I don’t believe the “Internet of Things” is a new technology. To me, “IoT” means the proliferation of Internet-connected embedded systems. This class of devices has been around for decades.

What is new, in my opinion, is the volume of innovation and new applications of this technology. Innovation is a good thing. Security and safety are good things, too. But security and safety are generally bolted on after we innovate. And when are we ever done innovating?

We can’t expect IooT vendors to produce 100% safe and secure devices.

But we should hold them accountable for striking an appropriate balance between effectiveness and safety. How about applying the 80/20 rule as a start?

If we assume that 80% of attacks will be “casual,” let’s stop those first. Stopping the casual/unsophisticated attacks first is important, because as we’ve seen in our last two years of private research, low-hanging fruit vulnerabilities can lead to severe compromise. Including the compromise of entire populations of devices (via insecure firmware update mechanisms, for example).

“We don’t do anything for security unless our customers ask us to.”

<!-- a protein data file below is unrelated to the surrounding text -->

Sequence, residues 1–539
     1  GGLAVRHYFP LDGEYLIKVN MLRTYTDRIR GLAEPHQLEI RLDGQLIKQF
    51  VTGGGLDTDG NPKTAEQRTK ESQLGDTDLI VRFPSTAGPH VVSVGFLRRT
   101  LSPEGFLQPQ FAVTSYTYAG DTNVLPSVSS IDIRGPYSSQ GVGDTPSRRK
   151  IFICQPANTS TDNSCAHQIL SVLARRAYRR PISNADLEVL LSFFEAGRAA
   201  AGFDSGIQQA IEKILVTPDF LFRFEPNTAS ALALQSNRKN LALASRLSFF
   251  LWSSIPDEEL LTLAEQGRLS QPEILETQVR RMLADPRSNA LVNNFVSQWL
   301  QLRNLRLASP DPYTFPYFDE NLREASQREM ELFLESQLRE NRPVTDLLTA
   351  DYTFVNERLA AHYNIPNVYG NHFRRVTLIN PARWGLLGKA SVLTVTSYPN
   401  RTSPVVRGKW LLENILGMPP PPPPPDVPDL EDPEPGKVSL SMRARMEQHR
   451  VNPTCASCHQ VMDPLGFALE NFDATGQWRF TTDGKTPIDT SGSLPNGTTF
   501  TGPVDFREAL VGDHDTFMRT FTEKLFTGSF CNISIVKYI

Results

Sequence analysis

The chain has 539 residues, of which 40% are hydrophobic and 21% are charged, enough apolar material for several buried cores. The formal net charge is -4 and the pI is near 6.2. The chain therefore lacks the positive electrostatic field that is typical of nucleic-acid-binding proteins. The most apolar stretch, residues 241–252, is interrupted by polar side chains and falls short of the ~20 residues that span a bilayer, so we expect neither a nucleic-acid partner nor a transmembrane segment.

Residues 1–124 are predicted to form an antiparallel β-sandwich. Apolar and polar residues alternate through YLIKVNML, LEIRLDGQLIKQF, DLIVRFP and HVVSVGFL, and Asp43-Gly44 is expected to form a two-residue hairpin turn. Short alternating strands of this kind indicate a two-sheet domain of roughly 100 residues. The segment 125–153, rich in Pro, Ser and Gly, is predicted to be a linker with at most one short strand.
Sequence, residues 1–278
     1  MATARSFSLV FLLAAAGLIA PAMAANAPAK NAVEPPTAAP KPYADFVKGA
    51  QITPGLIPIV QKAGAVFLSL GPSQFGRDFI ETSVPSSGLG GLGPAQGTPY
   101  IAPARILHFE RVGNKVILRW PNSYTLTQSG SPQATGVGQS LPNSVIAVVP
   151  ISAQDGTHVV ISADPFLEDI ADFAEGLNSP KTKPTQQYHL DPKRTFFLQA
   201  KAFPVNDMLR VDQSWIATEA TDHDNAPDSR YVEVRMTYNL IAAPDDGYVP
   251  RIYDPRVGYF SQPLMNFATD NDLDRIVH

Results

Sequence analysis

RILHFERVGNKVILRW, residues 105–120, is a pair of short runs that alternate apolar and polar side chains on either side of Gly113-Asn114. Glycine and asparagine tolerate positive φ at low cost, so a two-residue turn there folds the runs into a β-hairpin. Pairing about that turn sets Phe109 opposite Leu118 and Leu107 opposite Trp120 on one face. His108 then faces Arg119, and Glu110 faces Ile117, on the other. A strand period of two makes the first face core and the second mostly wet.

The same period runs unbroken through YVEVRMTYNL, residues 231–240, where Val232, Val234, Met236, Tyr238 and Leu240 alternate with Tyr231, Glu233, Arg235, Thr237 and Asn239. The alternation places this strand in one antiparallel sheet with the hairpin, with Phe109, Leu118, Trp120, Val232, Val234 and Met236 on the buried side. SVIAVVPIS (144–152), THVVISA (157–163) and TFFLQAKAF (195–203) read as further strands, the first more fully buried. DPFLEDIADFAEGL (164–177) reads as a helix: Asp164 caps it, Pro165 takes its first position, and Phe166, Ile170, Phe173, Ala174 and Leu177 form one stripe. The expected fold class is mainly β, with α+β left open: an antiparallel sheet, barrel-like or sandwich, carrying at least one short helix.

- un-named IoT vendor/manufacturer

We’ve looked at consumer and enterprise grade devices from wearables and vehicle trackers, to cellular-enabled enterprise grade wireless routers. We’ve also had the opportunity to leverage our research during routine external network penetration tests we’ve performed for clients. In a few cases, low-hanging fruit IoT vulnerabilities have provided entry points for attacks that resulted in us gaining Domain Admin privs on enterprise networks.

We’re only disclosing a small portion of our work. Our first public disclosure was made by US-CERT last week: https://www.kb.cert.org/vuls/id/573848

Vulnerabilities described in the bulletin include:

  • Use of Hard-Coded Cryptographic Keys
  • Improper Verification of Cryptographic Signatures (on firmware updates)
  • OWASP Top Ten 2013 Category A9 – Using Components with Known Vulnerabilities (device runs Android OS 2.2.1)

I’ll end this post with a question: what economics are at play that result in embedded systems shipping with easily preventable “low hanging fruit” vulnerabilities?

Mike Zusman is the founder of Carve Systems, information security consultancy.